Experts attribute this racial shift from the cities to the suburbs to two main things. First, a significant number of minorities are reportedly migrating away from the cities. This, however, may be driven primarily by natural disasters.
For example, in the aftermath of Hurricane Katrina, many blacks were forced to leave New Orleans and other large metropolitan areas. Second, some whites are now staying put within cities instead of moving out to suburbia, while many suburban whites seem to be favoring large cities again as they decide to return back to the urban lifestyle.
The Brookings report also found that the number of whites now living in the city has risen dramatically. The white population in Washington, D.C. and Atlanta is up by five percent, which is the largest increase posted in the nation. New York, Boston, and San Francisco saw similar gains.
“A new image of urban America is in the making,” said William H. Frey, who co-wrote the Brookings Institution report. “What used to be white flight to the suburbs is turning into “bright flight” to cities that have become magnets for aspiring young adults who see access to knowledge-based jobs, public transportation, and a new city ambiance as an attraction.”
Frey continued to say that, while this is not likely to be the future for all metropolitan areas, the pattern seen in large, influential cities, including Atlanta and Boston, proves that preconceived urban stereotypes are being shattered.
There is also the issue of the expansion of neighborhoods. Particularly in less fashionable areas, older housing quickly loses its value relative to newer communities. Only the wealthy can afford the latest housing; thus, the tenants of the original housing projects become poorer. The area grows more slowly and the demand for housing then falls, which causes such neighborhoods to further decline. This pattern is well-documented within cities, and it has gradually spread to suburbia.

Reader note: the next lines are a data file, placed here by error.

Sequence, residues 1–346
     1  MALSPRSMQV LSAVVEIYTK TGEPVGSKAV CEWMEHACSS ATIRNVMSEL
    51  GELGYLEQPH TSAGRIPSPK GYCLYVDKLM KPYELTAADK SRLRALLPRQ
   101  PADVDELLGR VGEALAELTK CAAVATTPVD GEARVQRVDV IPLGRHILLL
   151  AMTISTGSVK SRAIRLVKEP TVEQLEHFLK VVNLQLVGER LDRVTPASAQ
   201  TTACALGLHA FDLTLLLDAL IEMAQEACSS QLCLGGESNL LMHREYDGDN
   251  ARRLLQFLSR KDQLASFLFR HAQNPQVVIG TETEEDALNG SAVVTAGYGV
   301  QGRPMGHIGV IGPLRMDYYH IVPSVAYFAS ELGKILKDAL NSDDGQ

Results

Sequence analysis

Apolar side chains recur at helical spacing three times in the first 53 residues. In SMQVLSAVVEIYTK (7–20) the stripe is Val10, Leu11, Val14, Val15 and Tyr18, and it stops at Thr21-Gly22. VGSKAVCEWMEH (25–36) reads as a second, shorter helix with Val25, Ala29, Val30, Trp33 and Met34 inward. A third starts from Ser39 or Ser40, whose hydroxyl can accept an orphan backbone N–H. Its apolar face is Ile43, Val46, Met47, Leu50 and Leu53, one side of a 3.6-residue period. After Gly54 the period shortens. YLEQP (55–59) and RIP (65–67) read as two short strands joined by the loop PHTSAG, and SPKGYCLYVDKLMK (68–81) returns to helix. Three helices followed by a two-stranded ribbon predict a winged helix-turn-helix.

UCI sociology professor Susan Brown believes that such trends began decades ago and suburbs are simply continuing along the same cycle.
“After Southern California’s economy began to shed manufacturing jobs in the early 1990s, the exodus of the native-born sped up and it was mainly immigrants that kept up the population. The loss of so many middle-class citizens to other regions has led to greater inequality in housing and greater economic segregation,” Brown said.
“The city/suburb dichotomies may not be so important, at least here in Southern California, but the growing economic inequality is terrible for everyone in the long run,” Brown said.
The Brookings study further went on to reveal that about 83 percent of the U.S. population growth since 2000 was minority, part of a trend that predicts ethnic groups will become the majority by middle of this century.
The report recommends a new federal policy agenda that confronts the concerns for metropolitan communities. They offer a few suggestions to reduce the income inequality in the United States – providing affordable housing and social services for the suburban elderly, planning a greater coordination between housing and transportation, and designing a federal Office of New Americans to elevate local integration efforts and help serve various education and citizenship needs of the rapidly increasing immigrant population.